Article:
Change the blur method from “Ring” to “Linear” and set the blur value to relatively low so that the effect is quite subtle. Apply this filter, and you get the mechanism for fixing the propeller blades in motion:
Select the rectangular area around the center of the blade attachment mechanism
Use “Radial Blur” with a relatively low value, the blur method is “Ring”
Apply Radial Blur to create the illusion of movement of the blade attachment mechanism
Now we can add the blades themselves. They rotate faster than the central part of the fastening mechanism, so the blur effect should be stronger.
Using a soft brush of light gray color, draw a sharp elongated figure of the rotating blades. Then add a rectangular selection around it. Select the Radial Blur filter, and repeat the previous steps, but this time set a much higher value to enhance the effect. Continue reading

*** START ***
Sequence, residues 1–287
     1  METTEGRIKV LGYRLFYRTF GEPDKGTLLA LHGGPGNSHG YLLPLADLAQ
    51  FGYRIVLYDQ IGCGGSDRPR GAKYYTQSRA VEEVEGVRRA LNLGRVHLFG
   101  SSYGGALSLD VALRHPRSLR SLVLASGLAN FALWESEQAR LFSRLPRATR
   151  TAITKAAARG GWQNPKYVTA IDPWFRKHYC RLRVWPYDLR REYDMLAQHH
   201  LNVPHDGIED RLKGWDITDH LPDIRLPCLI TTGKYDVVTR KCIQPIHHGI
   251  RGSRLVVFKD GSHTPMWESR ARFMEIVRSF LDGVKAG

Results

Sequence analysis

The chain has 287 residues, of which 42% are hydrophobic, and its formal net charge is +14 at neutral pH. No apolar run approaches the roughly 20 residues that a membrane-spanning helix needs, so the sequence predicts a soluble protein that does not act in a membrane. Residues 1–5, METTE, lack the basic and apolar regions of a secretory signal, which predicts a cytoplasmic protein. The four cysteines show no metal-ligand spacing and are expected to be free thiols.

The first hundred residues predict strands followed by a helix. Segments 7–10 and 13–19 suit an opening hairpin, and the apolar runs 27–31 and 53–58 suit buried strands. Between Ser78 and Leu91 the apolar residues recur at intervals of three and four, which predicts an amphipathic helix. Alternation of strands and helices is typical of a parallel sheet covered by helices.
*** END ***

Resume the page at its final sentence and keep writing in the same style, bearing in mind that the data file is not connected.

After that, select the Move tool (V). Set the top layer Opacity to 24%. The figure below shows the final form of the “refl left mid” layer:
Create a new layer on top of this layer – “refl top”. It should have approximately the same shape and be placed there, as shown in the figure below:
Go to Filter> Blur> Gaussian Blur, set the “Radius” to 3 pixels:
Then add a layer mask to the “refl top” layer and use a soft black brush with an opacity of 50%, draw the bottom of the mask, as shown in the figure below: Continue reading
The good thing is that the specifications for CSS and SVG are common, that is, we can use not only pre-prepared filters, but also create our own filters in SVG, and then write them in CSS:
filter: url (myfilter.svg # myCustomFilter);
The same filters are available when using backdrop-filter.
Finally, the filter () function. The idea is to bring all the specified image links in CSS through a set of filters. And we will embed our tiny header image using base64 dataURI and run it through the blur () filter: Continue reading